Dan Mullen’s strengths and weaknesses as a coach

As you’d expect, Dan Mullen developed a reputation for a variety of things in his nine years in Starkville.

He was known as a quarterback developer heading into the job, and that remains true with the success of Dak Prescott and Nick Fitzgerald. He delivered on his promise as a top offensive mind. Last year, Fitzgerald set a couple of single-season quarterback rushing records for the SEC, while Fred Ross set the all-time school record for receptions. His Bulldogs scored more than 30 points per game in each of the last four seasons despite playing amongst great defenses in the SEC West.

If you believe what Mississippi State fans will tell you, Mullen was great at formulating a game plan but struggled with in-game coaching decisions. There are bits of evidence to that effect, such as this stat from November 2014 when ESPN found that Mullen was 37-1 when leading at the half and 3-24 when trailing at the half. Counting forward from that, I came up with a career record of 57-5 when leading and 7-37 when behind at the break.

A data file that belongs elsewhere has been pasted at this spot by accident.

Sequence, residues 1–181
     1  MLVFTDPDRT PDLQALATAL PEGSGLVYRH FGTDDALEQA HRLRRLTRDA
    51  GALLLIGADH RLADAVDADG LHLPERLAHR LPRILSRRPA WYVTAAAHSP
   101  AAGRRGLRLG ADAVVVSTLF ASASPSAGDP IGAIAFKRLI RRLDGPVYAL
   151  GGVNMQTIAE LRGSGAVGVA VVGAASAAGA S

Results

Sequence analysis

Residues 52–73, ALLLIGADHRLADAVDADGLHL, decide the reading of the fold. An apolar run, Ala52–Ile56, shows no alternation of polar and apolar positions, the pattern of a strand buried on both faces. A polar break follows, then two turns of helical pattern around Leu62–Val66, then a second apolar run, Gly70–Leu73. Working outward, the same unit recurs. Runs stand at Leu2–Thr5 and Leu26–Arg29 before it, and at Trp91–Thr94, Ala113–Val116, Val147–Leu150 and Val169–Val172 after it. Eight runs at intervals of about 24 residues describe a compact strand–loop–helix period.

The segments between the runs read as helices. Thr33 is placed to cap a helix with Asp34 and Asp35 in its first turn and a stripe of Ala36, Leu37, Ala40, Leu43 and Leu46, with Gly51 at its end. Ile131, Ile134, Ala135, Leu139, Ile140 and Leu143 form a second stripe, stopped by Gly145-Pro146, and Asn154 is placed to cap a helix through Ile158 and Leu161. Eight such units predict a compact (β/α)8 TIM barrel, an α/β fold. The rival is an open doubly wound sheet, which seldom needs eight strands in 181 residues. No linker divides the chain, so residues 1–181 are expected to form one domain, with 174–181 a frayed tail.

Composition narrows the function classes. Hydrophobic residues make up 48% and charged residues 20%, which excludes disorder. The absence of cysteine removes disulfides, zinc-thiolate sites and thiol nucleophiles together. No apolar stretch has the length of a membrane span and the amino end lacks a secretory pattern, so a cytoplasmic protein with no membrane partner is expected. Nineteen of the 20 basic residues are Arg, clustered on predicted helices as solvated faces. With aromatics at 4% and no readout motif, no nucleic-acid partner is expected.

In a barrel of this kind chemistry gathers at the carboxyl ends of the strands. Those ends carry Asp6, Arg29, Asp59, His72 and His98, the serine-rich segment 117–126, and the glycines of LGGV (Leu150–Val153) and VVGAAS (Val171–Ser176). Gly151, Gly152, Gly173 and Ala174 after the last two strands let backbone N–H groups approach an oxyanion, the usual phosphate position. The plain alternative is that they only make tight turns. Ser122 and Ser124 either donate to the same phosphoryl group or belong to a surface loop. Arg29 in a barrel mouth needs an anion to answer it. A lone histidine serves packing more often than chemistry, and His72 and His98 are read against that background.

There is no better example of that purported dichotomy of good planning and bad or missing adjustments than the Bulldogs’ near-miss against Alabama earlier this year.

Mullen had an excellent game plan, even though Alabama had a good idea of what was coming. The Bulldogs were down three of their best receivers in the game, so an MSU team that already liked to run was probably going to keep it on the ground.

The first play of the game was a perfect exploitation of the expectations. Mullen used to have Tim Tebow do one-man play fakes, and he did the same thing but in a different form with Nick Fitzgerald.